Ross Thompson's 'Buddhist Christianity: A Passionate Openness' is a truly wonderful book. This is both an objective and a subjective view.
Subjectively because his opening autobiographical chapter is so resonant with my own. His encounter with Buddhism led to a conversion to Christianity but it was a conversion that did not supplant the 'errors' of Buddhism with the 'truths' of Christianity but which impacted and shaped the patterning of the Christianity he adopted.
This was true of me. I remember buying (from the remainder bin at W.H. Smith) a selection of "The Teachings of the Compassionate Buddha' when I was fourteen and reading the first sermon in the Deer Park when the Buddha announces enlightenment and the path to enlightenment. I cannot recall how many times that I read it - then or subsequently - but it struck me, and continues to strike me, as one of the most sense making texts ever compiled: a speech that truly gives life. It captures what Thompson describes as both the 'hole' (a pessimist's view) and the 'doughnut' (the optimist's view) - a realistic assessment of the challenging nature of life as permeated by suffering as a result un-slaked desire and the offer, rooted in the Buddha's own experience, of a path of liberation.
If it had been possible, I might have become a Buddhist there and then if I could have have identified a supportive community. I could not and instead I went to my own school library for further sustenance. I discovered F. C. Happold's 'The Journey Inwards' - a open-minded Christian account of the contemplative life that embraced supportive references to other faiths. It set me on a 'Christian' path.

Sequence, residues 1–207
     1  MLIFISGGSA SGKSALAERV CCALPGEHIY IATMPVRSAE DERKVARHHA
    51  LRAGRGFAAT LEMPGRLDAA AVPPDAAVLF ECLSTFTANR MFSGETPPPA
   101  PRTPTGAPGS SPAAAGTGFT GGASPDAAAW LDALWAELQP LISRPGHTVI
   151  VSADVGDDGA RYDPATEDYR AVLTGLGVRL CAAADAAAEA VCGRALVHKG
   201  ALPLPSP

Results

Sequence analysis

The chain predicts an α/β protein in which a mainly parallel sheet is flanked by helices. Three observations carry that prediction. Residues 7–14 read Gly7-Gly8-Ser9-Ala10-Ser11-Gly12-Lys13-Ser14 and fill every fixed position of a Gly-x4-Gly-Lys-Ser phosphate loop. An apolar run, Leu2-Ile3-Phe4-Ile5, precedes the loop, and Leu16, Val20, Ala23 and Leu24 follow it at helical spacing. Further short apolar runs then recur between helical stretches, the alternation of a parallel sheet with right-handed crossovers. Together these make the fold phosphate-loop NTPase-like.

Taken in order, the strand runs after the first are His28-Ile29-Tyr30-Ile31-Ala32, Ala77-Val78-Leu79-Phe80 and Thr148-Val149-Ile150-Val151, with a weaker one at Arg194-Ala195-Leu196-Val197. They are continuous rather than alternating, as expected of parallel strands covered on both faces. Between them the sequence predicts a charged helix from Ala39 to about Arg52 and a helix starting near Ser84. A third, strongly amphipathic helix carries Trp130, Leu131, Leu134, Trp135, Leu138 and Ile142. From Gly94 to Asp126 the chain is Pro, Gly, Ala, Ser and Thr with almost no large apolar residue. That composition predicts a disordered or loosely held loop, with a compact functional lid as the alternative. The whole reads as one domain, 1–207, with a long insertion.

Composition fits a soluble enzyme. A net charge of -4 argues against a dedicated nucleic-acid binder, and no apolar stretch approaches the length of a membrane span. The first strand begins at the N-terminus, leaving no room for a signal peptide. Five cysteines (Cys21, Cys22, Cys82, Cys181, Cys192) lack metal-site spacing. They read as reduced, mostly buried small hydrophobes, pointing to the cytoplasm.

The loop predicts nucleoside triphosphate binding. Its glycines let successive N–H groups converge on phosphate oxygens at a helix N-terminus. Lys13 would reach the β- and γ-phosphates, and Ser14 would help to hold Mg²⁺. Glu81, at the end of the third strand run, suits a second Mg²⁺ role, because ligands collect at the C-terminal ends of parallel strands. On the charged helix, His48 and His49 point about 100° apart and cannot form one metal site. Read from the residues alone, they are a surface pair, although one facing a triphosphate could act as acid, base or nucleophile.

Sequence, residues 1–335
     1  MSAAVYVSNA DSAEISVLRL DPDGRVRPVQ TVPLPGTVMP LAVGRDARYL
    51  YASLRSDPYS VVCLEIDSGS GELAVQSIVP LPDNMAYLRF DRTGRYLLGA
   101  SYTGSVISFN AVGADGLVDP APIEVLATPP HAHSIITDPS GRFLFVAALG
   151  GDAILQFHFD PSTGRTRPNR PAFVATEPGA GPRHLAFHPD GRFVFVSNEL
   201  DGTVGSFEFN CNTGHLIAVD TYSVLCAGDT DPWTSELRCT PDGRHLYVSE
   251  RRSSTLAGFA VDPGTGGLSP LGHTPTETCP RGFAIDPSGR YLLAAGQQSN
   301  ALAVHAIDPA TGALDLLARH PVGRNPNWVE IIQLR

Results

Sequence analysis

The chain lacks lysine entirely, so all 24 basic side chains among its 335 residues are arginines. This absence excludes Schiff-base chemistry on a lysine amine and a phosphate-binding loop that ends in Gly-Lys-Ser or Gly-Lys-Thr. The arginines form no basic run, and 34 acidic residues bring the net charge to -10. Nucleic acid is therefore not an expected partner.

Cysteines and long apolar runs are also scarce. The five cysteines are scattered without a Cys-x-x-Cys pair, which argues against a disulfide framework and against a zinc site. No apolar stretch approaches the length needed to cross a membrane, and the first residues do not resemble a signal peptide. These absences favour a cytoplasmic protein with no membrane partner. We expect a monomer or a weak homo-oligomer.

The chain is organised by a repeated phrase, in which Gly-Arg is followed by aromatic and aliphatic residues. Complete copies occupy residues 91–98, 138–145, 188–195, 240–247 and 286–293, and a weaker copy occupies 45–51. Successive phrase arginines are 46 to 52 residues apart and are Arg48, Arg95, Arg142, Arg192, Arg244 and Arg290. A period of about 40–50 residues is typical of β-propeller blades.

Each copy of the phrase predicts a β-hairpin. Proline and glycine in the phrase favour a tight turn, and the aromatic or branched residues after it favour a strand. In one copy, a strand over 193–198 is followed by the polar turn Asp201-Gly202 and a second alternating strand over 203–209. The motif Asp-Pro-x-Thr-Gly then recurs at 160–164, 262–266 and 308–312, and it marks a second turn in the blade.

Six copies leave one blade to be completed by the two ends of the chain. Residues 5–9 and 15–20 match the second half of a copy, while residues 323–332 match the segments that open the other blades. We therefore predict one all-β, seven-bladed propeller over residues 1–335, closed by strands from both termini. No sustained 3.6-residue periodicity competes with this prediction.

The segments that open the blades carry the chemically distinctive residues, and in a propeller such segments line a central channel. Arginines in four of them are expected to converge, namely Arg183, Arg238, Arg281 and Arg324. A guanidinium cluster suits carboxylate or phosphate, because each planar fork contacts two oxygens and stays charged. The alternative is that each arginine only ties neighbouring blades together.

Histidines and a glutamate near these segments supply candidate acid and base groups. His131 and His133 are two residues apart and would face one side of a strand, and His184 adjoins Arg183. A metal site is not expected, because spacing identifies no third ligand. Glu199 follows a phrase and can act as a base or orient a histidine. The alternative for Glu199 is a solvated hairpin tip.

In passing, I am struck by noticing that many of the important books in our lives are not seen (in the wider world) as especially 'important'. This one (though not his study and anthology on mysticism for Penguin) has long since been out of print.
Objectively the book is a beautifully lucid exploration of how it may be possible to embrace both traditions not by adopting either an unsustainable syncretism nor a consumerist pick 'n mix of ideas and practices but allowing them to mutually interrogate each other and in that conversation identify ways in which each tradition might enrich the other (and be changed).
For Thompson this conversation moves towards an explicit Buddhist Christian commitment that enables him to centre on a Christian life but one that is illuminated by an understanding of Buddhism that is compatible with it. This conversation, however, does not simply take place between Buddhism and Christianity but also between both traditions and alternative understandings of the world.
One of the most illuminating chapters is on the construction of desire. Christians tend to see a disordered desire transformed by redirecting it towards its proper place in God. Buddhists sees the need to still the whole structure of desire and to step into desirelessness. But both tend to see the problem of desire as that of the individual. Thompson shows that what we desire is constructed communally: we learn what is to be desired from the social structures we inhabit. Both traditions need to develop a more robust understanding of how corporately we transform the communities we inhabit that in turn liberate individual opportunities for transformation.
It is a book of striking images - as well as coherent arguments - of Jesus as a Bodhisattva who in our unfolding history has through his death and resurrection constructed a raft for our salvation that stepped onto and paddled can lead us to the other shore: our renewed life in the kingdom and that commonwealth of God is one that is always present, woven into the groundless lawfulness of life. Paradoxically you both row to meet it and relax into its current that carries you there!
The book is not offered as 'a solution' for everyone - the majority of Christians and Buddhists will recoil from its creative reworking of both traditions but it offers much to ponder both intellectually and in the heart.
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